Learn about cystic fibrosis, a genetic disorder that affects the lungs, pancreas, and other organs, and how to treat and live with this chronic disease.
Parents of children with cystic fibrosis may be anxious about whether a school or day care can accommodate their child's special needs. Students with CF may worry about being different from their peers. As a teacher, you can provide reassurance to both parents and students by working with them and CF health care professionals to maximize your student's overall learning experience, while helping to maintain his or her health.
Newborn screening (NBS) is a program run by each state to identify babies born with certain health conditions, including cystic fibrosis. Although a sweat test should ultimately be done to rule out or confirm a CF diagnosis, NBS can help you and your health care providers take immediate steps to keep your child as healthy as possible.
Dr. Dorothy Andersen first wrote about cystic fibrosis in 1938, and our understanding of the disease has significantly evolved since. There are still many misconceptions about what CF looks like today, from the person who lives with the disease to how it manifests.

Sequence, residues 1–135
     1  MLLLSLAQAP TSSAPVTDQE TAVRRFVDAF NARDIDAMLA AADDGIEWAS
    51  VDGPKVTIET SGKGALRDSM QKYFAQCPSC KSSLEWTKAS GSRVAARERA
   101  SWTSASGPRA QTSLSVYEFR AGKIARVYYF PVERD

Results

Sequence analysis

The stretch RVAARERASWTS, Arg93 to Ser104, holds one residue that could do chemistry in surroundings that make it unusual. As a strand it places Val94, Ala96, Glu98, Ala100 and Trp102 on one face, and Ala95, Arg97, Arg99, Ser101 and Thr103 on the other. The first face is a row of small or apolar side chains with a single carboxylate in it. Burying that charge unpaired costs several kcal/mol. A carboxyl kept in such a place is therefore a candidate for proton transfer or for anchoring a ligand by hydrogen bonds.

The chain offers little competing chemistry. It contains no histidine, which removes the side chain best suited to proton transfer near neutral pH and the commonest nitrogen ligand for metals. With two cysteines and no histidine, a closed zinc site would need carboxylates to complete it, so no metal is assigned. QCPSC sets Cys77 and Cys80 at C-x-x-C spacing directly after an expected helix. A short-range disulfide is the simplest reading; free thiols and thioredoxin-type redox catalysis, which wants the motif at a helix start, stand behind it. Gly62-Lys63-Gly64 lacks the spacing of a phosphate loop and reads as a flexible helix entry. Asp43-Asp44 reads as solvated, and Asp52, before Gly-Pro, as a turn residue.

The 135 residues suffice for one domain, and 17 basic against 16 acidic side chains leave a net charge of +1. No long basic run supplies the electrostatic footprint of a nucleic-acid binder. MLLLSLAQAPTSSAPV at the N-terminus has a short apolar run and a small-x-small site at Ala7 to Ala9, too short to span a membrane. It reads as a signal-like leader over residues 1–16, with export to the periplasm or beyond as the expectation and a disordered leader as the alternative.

Every person has two copies of the cystic fibrosis transmembrane conductance regulator (CFTR) gene. A person must inherit two copies of the CFTR gene that contain mutations — one copy from each parent — to have cystic fibrosis.
In an international research project, scientists are examining cystic fibrosis transmembrane conductance regulator (CFTR) mutations to determine which ones cause CF and to provide additional information associated with these mutations. Their findings are available in an online searchable database.
Carrier (or genetic) testing not only plays a key role in the diagnosis of cystic fibrosis, but testing also allows parents to find out what their chances are of having a child with CF to help inform important family planning decisions.